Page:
Malacca , 30 Dec 2016
IT is a race against time to save the historical Nam Hoe Villa in Klebang. A temporary stop-work order was issued by the Malacca Historical City Council (MBMB) on Wednesday to halt the demolition of the building, while the Malacca Museum Corporation (Perzim) has admitted that its hands are tied when it comes to determining the structure’s fate.
Museum personnel yesterday visited the site, and were seen taking photographs and measurements of the building. Perzim general manager Datuk Khamis Abas said the move was only for the museum’s records.
“On our part, this is all we can do. What happens to the building is up to the owners.
“Only MBMB can order for the demolition work to be stopped, and I believe they have met the owners.” Nam Hoe Villa, according to an embossment on the building’s entrance, was opened in 1927 by Loh Kim Swi. It was then taken over by another Peranakan community leader, Tay Boon Seng, in the 1950s.
Under Tay’s ownership, the villa became a retreat for first prime minister Tunku Abdul Rahman Putra Al-Haj when he visited Malacca, where pre-independence meetings were held between him and Chinese community leaders, including MCA founder Tun Tan Cheng Lock. The villa also hosted foreign dignitaries and federal ministers who visited Malacca post-independence, before it was turned into a popular Peranakan restaurant in the 1970s. However, it has been abandoned since the 1990s.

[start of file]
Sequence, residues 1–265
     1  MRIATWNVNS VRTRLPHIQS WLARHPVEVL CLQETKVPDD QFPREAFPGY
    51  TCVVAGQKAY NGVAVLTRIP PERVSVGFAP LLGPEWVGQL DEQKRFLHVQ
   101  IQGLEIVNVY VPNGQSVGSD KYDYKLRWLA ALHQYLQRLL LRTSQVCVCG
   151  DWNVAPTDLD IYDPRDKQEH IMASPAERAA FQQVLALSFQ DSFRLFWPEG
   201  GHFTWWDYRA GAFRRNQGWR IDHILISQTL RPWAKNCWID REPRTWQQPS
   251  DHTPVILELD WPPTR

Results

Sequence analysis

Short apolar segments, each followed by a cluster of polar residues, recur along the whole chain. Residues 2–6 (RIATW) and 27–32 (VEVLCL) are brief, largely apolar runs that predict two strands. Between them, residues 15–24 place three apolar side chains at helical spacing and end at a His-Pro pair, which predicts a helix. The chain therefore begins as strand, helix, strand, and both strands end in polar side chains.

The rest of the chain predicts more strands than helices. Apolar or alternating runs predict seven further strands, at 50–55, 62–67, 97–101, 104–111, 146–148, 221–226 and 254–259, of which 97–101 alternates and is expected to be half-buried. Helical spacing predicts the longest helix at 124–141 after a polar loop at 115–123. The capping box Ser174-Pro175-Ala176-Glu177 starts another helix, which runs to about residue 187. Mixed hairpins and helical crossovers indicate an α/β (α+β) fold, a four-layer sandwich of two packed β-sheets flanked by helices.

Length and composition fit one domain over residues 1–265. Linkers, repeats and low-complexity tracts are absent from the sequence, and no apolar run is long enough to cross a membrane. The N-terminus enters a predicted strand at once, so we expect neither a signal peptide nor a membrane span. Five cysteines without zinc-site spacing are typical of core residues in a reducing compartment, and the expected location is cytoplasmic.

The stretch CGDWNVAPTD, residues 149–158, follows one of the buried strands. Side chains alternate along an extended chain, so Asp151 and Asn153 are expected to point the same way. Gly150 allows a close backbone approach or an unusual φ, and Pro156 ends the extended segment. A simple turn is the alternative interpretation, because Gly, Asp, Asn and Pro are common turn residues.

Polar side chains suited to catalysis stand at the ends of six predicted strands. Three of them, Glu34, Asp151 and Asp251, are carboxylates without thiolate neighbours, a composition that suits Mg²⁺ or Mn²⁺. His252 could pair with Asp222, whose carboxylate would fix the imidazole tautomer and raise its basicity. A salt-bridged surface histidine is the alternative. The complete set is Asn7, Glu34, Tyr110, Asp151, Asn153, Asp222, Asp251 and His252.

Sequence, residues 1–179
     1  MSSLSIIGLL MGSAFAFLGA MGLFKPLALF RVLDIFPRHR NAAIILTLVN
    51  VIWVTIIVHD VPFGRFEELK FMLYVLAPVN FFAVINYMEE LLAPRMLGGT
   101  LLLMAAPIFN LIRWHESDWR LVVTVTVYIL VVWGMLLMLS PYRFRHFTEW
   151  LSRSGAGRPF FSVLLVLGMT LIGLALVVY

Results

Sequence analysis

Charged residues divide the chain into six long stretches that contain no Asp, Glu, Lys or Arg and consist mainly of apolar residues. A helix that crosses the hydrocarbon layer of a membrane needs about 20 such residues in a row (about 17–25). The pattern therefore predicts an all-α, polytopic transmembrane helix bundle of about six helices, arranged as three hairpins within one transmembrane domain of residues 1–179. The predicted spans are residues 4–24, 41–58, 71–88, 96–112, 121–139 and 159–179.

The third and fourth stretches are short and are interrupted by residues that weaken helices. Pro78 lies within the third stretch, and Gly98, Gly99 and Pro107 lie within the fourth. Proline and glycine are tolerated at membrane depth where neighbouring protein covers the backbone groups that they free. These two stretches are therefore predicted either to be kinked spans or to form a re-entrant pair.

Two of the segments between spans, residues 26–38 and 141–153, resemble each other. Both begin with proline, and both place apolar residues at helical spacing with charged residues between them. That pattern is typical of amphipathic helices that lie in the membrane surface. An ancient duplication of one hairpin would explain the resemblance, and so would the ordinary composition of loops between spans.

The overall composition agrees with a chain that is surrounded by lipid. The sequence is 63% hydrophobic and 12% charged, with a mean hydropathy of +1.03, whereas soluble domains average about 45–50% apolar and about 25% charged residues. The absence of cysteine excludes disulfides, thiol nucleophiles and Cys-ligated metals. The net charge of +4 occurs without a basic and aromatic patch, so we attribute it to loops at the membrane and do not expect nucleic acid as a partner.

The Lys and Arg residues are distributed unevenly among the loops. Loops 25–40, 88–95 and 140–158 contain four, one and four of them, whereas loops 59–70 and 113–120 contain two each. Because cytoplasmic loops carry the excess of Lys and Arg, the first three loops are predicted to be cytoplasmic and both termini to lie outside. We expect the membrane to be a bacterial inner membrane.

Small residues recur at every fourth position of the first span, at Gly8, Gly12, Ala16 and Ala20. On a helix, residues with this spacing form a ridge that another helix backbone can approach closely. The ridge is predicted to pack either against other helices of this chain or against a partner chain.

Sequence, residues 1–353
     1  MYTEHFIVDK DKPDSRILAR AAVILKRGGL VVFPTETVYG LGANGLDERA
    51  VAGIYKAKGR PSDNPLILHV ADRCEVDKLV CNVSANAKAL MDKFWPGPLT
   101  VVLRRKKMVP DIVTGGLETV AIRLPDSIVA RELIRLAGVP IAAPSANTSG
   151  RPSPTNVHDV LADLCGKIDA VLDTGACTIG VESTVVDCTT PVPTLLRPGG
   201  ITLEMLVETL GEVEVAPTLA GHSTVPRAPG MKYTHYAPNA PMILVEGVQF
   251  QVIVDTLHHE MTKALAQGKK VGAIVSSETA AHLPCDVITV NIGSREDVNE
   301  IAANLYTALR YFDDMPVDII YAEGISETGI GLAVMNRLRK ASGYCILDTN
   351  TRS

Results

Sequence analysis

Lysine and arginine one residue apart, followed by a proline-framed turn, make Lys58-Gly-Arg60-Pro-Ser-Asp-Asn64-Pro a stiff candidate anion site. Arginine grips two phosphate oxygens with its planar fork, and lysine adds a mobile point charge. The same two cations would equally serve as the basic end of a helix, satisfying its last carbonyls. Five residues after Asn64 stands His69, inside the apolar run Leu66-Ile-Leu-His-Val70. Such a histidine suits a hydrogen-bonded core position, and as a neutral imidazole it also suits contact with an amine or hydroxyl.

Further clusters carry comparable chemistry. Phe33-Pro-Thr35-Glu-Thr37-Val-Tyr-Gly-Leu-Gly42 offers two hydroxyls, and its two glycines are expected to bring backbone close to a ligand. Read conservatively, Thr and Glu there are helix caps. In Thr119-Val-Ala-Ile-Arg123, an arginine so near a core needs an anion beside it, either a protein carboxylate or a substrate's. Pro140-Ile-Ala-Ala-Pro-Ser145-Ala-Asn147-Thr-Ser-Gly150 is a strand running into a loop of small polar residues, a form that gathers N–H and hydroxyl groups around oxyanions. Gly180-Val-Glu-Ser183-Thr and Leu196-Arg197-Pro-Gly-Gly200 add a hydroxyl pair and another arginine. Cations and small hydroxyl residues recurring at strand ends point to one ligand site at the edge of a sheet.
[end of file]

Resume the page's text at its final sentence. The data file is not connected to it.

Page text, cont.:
The owners’ niece, Fiona Tan, 42, said a Perzim official had called to ask about the building’s background. “I requested time to look up the information. The demolition work is on hold because they want to take measurements.” Tan said whether the building would be sold was up to her uncles. “They have no plans yet. And, I don’t know what my cousin’s plan is.” Klebang assemblyman Lim Ban Hong said the demolition work had not received MBMB’s approval, thus, the stop-work order. “I checked with MBMB and found out that the owners had not submitted requests nor gained approvals for the building’s demolition.
“So, I asked them to meet MBMB to sort out the matter. “In the meantime, we are trying to meet the land title owners, who, I am told, are abroad.” Malacca Peranakan Chinese Association president Datuk Phua Jin Hock urged the state government to step in and save the building.
“The state government should take over the property, carry out refurbishment work and turn it into a tourist attraction. “There is so much history behind the building, particularly on the independence movement and Peranakan heritage.
“It will take some work to restore the building, but this can be done if there is serious effort.” A visit to the site yesterday showed that the building’s main structure is intact, but much of its interior is dilapidated.
Even though the prized classic tiles that adorned the interior have been looted, some of the building’s walls still project images of grandeur reminiscent of Nam Hoe Villa back in the day.
Read More : http://www.nst.com.my/news/2016/12/200466/fate-malaccas-historical-nam-hoe-villa-hangs-thread